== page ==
My sermon this week was based on Matthew 2:13-23.
To download an audio of my sermon, click here.
I want to ask you to do something this new year that will sound counterintuitive. I want to ask you to do something that scares you.
Before I go on, I want to explain that here is such a thing as good fear. I love horror movies and roller coasters, for example. I actively seek those fears out and I enjoy them. There are fears that are instinctive and are there to keep us alive, such as the fear of getting hit by a car that reminds us to look both ways before crossing the street. I would argue that from a survival standpoint, those fears are also good. But I also suffer from anxiety and depression, and those are decidedly fears I would rather do without.
Most of us would do just about anything to avoid most situations that scare us, but I would argue that it is those very situations into which God is constantly calling us, and from which we can expect to grow the most. I cannot think of any new lesson or any new growth I have made in this life by remaining in my comfort zones, and I suspect neither have you.
Joseph did something that must have scared him a great deal in today's Gospel passage, something that likely goes unseen by our modern eyes. He discovers that Herod is killing all the first-born males under the age of two in an effort to eliminate this "King of Kings" that has been prophesied. So he takes his wife and newborn son and flees to Egypt.
This should sound somewhat familiar as a very similar situation transpired in the opposite direction some 1500 years earlier when Moses led the enslaved Jewish people out of Egypt after the slaying of the first-born.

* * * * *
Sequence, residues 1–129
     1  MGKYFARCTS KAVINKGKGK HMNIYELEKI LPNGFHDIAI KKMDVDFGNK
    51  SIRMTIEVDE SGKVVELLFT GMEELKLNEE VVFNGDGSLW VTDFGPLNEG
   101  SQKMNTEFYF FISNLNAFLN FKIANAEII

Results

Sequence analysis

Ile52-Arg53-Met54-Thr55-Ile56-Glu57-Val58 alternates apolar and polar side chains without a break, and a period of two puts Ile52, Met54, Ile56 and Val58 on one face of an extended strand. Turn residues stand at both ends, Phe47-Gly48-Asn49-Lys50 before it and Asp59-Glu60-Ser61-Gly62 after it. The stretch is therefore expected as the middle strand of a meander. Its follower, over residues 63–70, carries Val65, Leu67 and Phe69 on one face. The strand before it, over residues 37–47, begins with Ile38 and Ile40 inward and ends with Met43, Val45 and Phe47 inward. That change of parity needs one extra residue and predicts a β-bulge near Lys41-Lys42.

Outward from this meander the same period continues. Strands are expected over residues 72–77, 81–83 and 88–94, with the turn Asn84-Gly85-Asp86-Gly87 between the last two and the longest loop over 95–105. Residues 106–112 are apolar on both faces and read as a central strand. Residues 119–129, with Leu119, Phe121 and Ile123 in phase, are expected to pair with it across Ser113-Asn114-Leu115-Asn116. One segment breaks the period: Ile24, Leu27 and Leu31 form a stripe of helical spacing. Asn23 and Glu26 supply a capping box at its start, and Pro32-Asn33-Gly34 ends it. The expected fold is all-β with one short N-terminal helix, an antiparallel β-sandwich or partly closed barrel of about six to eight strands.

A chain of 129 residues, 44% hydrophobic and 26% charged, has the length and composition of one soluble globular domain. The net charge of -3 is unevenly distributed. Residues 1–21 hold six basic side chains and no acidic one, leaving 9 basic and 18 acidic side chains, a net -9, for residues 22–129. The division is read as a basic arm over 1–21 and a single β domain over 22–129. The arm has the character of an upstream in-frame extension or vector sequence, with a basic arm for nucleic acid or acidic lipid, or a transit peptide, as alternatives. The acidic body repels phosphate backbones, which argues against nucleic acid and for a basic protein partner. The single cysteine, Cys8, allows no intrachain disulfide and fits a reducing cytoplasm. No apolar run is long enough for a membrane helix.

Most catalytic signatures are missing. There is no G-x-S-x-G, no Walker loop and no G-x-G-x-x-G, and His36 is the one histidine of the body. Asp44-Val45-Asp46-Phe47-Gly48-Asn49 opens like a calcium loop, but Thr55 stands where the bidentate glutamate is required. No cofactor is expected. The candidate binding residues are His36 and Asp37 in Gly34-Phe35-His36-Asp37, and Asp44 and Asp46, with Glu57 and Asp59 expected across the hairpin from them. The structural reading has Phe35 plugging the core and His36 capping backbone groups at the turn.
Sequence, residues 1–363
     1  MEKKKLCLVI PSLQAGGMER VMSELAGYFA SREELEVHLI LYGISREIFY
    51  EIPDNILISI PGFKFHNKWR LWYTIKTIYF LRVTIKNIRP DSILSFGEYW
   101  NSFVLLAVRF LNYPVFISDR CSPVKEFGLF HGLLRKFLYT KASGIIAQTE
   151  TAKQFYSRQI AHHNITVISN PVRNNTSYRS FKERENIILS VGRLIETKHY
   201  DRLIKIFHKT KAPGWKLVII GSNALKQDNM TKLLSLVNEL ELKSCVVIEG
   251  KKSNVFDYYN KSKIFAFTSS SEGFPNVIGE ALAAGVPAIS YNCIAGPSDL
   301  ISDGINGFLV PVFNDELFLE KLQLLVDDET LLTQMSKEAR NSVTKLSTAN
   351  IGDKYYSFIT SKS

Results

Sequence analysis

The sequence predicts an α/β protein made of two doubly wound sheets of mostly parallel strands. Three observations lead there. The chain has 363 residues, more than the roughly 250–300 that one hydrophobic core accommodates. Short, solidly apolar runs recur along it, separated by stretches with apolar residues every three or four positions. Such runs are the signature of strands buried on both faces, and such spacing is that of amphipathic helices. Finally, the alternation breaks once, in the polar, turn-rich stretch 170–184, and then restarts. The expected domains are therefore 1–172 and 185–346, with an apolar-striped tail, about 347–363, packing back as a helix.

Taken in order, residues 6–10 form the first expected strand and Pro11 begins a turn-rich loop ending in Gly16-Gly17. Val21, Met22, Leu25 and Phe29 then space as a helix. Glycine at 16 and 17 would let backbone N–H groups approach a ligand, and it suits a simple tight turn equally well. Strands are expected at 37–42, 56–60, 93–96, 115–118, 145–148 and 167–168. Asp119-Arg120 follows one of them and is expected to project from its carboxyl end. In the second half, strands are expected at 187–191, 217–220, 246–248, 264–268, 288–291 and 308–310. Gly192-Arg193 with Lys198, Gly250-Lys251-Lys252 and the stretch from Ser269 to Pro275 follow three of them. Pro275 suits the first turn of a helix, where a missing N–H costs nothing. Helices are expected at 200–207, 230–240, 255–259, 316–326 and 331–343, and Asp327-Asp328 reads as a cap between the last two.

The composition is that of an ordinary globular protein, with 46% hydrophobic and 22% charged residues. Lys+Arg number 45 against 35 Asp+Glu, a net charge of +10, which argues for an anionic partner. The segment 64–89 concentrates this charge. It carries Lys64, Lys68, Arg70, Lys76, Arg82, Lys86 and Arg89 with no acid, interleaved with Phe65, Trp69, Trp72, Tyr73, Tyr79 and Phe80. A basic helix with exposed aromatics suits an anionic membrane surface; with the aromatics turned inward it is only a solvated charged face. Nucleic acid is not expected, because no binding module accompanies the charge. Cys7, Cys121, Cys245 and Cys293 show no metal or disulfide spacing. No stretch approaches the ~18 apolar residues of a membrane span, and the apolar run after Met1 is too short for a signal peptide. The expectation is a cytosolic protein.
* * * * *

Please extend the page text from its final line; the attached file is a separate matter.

Imagine, if you will, being forced or compelled to return to a land that had historically enslaved, exploited and abused your people? I have no idea what relations were like between Egypt and Judaism at the time of Christ's birth, but even if they were harmonious, it would have to take a fair amount of courage just to uproot yourself and your family and flee to a whole different country. Most of us get stressed just moving house!
But God is always calling us towards something new, into new and sometimes frightening territory. I would argue that this is positive sign. When you are afraid, you know you are being challenged, you know you are going to grow.
Think of anything you have done that caused you fear: asked out that boy or girl out who later became your husband or wife; moved to that new house that then became your home; started that new job that then became your career.
Fear tells us we have something to overcome, and most of the time, there is a payoff to pushing through it. Fear tells us that we are about to embark on the unknown, and our lives are quite likely going to change as a result.
Generally speaking, we can respond to our fears in one of two ways, exemplified by Joseph's reaction in today's Gospel passage, and by Herod's reaction.
Joseph is no doubt fearful of giving up everything he knows and moving to another country to escape persecution, and so he and his family become refugees. But through it all, he trusts that as God has directed him to this place, he and his family will be safe.
Conversely, Herod responds to the birth of Christ, the birth of the King of Kings, by going mustang. He locks down the whole country and commands every first-born male to be killed. He did so because he was afraid of losing his power and position.
But the kingdom of God is not based on power and position. Herod was afraid of losing it all and so he reacted with violence, but Joseph was ready to lose it all, and that's how the Kingdom works.
This year, if you are in the habit of making resolutions, I would invite you to resolve to do something that scares you: ask that person out, apply for that job you've always wanted, go back to school, try to cook a souffle, whatever. Do something that intimidates you. Try something you have never tried before. Go out on a limb.
God is always calling us to abundant life, and that life is out there, beyond the boundaries we set for ourselves.